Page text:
After 57 years it is time we start afresh if we want this country and if we vote for it, we take a resolve for its excellent development.
What I have seen so far is charlatanism, double speak, leaders in public claiming to stand for one thing but in private revealing that their hearts are far from their public stand. The truth is a lot of nasty negative actions have prevented us from transforming from country to a nation. Citizens are described as indigenes and non-indigenes, we still demand citizens to state tribe and religion.
Quota and federal character have become albatrosses of their own, it is not that gaps are not bridged but if we study the American equalization policies, we will see that you don’t do so at the expense of others, where education was the issue for instance, they establish more schools and gave other incentives like scholarship so that the disadvantaged can be motivated to take up opportunities offered.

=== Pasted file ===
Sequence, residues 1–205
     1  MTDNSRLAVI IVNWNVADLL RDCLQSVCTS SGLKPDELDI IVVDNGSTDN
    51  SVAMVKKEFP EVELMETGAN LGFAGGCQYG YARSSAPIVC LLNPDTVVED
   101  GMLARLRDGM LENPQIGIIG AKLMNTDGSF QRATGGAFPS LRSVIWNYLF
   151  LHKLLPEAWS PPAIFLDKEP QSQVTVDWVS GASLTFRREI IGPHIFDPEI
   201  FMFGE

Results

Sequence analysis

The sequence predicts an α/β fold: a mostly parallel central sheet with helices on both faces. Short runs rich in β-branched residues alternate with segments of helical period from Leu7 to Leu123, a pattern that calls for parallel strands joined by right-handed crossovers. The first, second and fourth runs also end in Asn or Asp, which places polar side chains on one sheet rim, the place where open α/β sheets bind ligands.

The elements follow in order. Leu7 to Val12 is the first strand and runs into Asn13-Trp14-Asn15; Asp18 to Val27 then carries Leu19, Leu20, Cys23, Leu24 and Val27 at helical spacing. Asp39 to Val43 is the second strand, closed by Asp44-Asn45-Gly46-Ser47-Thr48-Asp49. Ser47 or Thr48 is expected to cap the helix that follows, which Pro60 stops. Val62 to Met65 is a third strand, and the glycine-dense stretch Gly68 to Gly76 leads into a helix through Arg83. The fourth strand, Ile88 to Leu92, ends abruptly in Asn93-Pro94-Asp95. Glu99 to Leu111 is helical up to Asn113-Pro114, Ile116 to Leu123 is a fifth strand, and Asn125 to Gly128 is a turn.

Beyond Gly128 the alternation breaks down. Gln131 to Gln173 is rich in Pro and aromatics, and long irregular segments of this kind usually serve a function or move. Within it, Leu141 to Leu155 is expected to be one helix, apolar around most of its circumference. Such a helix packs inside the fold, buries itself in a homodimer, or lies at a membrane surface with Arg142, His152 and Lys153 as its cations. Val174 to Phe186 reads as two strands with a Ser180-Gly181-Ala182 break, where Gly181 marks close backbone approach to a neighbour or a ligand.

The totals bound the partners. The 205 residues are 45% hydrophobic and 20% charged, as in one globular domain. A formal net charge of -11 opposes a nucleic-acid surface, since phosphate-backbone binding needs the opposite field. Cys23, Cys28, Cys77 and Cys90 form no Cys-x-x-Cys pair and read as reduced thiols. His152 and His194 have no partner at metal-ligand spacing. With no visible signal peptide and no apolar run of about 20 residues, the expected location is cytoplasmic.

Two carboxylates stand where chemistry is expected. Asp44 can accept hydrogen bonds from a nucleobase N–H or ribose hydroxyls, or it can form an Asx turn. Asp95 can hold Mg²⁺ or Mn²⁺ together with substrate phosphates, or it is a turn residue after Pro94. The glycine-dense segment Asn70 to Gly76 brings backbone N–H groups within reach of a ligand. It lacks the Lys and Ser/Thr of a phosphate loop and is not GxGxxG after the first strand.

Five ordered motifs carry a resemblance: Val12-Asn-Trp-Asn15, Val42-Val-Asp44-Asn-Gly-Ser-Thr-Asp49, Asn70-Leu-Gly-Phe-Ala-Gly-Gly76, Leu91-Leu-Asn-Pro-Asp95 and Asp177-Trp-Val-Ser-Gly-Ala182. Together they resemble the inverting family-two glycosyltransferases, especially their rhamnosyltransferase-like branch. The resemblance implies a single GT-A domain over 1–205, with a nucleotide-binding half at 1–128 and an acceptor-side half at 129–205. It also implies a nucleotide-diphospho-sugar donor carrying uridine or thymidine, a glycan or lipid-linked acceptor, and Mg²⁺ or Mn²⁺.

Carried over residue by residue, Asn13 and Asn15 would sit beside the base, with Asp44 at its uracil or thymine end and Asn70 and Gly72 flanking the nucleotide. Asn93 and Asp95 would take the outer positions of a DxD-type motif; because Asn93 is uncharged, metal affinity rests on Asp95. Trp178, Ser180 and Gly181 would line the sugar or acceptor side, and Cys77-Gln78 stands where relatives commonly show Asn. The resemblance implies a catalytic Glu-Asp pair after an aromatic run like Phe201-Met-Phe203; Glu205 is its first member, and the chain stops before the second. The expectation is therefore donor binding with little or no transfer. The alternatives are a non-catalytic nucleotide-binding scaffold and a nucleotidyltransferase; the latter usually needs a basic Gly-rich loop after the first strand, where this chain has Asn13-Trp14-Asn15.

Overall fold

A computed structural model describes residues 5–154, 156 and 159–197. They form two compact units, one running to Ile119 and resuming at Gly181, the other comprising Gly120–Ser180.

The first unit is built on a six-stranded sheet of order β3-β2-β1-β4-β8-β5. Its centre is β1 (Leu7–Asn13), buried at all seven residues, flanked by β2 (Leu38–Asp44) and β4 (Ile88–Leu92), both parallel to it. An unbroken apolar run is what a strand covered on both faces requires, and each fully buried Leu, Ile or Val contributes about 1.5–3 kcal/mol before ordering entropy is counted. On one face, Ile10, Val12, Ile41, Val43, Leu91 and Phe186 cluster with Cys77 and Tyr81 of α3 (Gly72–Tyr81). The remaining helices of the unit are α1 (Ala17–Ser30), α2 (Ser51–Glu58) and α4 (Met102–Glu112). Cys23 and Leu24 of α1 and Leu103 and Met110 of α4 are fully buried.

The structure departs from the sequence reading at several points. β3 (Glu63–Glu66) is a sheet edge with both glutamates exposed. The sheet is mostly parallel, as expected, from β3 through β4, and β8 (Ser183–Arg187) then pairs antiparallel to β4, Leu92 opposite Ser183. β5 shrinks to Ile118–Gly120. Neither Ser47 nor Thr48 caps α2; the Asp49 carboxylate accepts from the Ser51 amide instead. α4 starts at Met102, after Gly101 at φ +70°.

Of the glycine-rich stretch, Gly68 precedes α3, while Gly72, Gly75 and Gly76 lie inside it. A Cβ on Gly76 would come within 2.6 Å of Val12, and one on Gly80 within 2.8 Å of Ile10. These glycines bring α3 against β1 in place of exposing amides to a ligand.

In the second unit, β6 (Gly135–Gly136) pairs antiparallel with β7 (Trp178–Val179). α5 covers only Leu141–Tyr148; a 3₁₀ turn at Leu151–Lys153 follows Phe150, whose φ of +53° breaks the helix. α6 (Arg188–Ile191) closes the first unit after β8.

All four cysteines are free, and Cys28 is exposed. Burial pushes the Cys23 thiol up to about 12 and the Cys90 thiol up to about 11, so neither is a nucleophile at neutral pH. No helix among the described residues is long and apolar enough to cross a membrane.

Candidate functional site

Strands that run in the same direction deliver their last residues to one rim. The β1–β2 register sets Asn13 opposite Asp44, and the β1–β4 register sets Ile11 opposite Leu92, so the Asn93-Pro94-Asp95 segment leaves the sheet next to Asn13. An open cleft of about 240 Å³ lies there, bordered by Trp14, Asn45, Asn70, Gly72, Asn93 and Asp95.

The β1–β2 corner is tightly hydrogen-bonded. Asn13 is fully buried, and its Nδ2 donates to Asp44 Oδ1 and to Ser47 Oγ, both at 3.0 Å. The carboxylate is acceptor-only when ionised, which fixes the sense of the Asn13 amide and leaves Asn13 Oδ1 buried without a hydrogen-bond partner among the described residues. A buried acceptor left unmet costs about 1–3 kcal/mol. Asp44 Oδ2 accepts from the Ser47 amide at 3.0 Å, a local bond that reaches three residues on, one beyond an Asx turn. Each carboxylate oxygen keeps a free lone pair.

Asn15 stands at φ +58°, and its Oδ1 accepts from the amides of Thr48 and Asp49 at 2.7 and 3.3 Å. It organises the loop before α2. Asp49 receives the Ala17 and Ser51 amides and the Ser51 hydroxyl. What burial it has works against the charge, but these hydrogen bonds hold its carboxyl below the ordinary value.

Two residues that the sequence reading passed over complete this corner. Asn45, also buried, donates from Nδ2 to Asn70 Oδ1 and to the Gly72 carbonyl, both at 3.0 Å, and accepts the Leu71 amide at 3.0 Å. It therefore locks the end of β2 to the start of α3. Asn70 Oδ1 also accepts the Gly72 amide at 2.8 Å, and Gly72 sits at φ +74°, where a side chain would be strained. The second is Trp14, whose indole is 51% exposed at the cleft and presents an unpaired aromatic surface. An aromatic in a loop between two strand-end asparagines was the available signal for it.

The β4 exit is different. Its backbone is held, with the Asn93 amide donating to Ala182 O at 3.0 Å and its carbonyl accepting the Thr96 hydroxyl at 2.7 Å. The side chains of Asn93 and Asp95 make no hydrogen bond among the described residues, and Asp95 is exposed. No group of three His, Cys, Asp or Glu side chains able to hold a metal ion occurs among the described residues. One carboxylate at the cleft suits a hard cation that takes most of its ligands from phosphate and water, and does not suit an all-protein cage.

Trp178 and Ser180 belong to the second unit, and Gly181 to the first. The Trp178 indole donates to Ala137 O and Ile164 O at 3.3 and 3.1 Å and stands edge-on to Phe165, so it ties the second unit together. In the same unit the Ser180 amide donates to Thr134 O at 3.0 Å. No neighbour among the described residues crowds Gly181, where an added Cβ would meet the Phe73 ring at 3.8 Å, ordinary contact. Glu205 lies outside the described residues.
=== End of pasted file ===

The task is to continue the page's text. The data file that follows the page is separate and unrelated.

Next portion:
We must redefine national development, let it become human centered and let emphasis move away from physical projects to industrialization. We must have a national ideology and part of it would be for Nigerians to love themselves. It is ironical to talk one Nigeria and still be killing the other. It is more stupid to be pushing the religious button at a time the focus should be unity and wealth creation. Nigeria will work if only the leadership class would see reasons to work for inclusiveness. Happy Independence!